TOKYO: Japan will robustly defend its whaling program at the UN’s top court this week, Foreign Minister Fumio Kishida said on Tuesday, as Sydney and Tokyo ready to do battle over the legality of the hunt.
A day before the oral hearing is due to start at the International Court of Justice in the Hague, Kishida said Tokyo has no intention to back down under pressure.
“Japan will fully engage in the case so the country’s position and thinking will be understood,” he told reporters.
“Japan’s research whaling is a scientific endeavor carried out legally under the International Convention for the Regulation of Whaling, article 8.
“Japan will make this point clearly in the hearing.”
While Norway and Iceland have commercial whaling programs, Japan insists its hunt is purely scientific, although it makes no secret of the fact that the resulting meat ends up on plates back home.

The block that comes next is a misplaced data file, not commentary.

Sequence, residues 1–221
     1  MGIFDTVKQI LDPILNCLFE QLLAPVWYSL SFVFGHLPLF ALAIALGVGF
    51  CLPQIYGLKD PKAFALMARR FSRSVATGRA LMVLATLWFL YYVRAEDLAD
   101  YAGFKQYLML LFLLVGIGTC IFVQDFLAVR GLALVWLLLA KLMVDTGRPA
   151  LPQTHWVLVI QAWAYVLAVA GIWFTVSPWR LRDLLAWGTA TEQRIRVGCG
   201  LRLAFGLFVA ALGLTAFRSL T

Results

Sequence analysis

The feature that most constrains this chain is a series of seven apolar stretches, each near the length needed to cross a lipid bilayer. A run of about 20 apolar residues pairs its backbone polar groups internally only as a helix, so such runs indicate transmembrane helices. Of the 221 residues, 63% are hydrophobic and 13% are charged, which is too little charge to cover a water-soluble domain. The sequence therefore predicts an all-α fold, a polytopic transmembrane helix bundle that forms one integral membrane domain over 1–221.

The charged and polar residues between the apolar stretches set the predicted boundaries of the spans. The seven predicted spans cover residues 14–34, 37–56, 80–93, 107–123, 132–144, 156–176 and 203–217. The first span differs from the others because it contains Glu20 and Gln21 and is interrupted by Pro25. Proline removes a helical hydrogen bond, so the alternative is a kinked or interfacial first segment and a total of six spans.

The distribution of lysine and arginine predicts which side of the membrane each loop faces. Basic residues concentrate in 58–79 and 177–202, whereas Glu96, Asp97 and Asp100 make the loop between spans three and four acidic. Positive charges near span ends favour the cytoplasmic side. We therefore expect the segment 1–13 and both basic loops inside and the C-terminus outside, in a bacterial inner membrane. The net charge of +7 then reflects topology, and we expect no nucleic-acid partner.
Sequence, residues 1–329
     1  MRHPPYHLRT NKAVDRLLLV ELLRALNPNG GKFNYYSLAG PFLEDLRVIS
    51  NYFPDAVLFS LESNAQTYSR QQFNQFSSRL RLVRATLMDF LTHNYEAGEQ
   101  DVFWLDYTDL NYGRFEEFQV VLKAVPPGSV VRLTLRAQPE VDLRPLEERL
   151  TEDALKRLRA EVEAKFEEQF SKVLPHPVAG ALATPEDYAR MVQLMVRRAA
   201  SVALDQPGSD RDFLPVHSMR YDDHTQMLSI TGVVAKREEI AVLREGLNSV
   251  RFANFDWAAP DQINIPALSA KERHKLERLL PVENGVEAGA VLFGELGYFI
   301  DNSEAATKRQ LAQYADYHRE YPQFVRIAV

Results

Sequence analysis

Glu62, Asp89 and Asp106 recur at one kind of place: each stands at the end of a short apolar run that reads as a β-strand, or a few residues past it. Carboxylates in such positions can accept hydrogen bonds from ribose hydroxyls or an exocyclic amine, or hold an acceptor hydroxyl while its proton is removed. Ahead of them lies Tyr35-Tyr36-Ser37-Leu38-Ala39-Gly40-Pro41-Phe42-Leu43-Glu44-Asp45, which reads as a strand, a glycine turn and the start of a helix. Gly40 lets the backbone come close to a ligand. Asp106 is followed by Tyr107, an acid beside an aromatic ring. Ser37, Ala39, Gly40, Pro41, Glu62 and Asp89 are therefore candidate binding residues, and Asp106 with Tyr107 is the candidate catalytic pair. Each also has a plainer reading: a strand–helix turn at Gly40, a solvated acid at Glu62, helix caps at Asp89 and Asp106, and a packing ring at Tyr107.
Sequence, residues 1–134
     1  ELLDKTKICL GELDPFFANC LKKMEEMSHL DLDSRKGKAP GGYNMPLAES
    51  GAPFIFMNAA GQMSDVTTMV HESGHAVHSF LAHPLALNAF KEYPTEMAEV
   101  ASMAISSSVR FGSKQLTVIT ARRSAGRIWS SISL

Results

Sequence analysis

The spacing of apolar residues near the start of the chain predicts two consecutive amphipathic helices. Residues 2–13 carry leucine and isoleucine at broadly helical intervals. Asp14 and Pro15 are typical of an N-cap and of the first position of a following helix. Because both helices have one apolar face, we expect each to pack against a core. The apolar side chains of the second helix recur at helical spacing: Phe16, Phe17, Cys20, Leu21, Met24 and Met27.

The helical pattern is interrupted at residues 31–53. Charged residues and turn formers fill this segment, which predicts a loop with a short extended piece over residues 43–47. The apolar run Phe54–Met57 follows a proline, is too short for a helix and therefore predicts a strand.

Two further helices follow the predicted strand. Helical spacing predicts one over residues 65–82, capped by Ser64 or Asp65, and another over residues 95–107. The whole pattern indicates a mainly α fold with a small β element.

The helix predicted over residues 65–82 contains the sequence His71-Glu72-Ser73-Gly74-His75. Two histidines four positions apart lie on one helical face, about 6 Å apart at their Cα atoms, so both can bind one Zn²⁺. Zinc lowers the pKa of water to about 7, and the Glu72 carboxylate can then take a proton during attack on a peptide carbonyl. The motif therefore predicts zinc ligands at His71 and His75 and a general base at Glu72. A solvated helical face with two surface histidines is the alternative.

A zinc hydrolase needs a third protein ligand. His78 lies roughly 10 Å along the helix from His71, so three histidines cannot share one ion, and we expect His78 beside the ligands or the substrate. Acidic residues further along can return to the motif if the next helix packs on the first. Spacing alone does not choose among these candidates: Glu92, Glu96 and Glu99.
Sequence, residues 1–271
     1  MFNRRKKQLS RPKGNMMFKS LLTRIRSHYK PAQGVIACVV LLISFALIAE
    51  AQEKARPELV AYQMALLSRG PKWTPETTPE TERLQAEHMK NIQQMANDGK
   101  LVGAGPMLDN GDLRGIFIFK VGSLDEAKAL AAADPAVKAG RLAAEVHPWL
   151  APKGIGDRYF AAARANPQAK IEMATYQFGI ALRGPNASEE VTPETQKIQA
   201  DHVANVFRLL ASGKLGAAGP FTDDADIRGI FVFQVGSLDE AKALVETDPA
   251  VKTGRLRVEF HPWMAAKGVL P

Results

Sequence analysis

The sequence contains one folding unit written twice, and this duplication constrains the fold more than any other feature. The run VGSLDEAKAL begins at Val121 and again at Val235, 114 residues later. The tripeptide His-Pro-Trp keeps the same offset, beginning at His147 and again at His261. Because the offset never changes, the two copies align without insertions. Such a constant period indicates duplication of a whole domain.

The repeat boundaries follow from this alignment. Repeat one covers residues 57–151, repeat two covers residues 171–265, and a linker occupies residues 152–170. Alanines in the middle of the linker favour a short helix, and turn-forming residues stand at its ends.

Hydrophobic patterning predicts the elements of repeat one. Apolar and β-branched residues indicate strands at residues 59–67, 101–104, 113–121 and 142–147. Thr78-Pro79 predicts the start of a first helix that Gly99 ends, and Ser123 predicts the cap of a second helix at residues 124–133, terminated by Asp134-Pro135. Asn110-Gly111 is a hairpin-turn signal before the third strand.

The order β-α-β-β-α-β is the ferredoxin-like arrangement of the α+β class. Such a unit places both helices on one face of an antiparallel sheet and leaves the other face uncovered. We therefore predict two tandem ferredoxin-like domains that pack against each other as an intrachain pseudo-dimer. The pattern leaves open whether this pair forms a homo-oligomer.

The whaling research is to prove that commercial whaling is viable. The proceeds from sales of the meat partly pay for the program.
Tokyo defends the practice of eating whale meat as a culinary tradition.
Japan’s Fisheries Minister Yoshimasa Hayashi vowed in February that Japan would never stop hunting whales, saying it was a “long tradition and culture” in his country.
Canberra will argue before the International Court of Justice that Japan is exploiting a loophole by continuing to hunt whales as scientific research in spite of a 1986 International Whaling Commission (IWC) ban on commercial whaling.
Australia wants ICJ judges to order Tokyo to stop its Jarpa II research program and “revoke any authorizations, permits or licenses” to hunt whales in the Southern Ocean.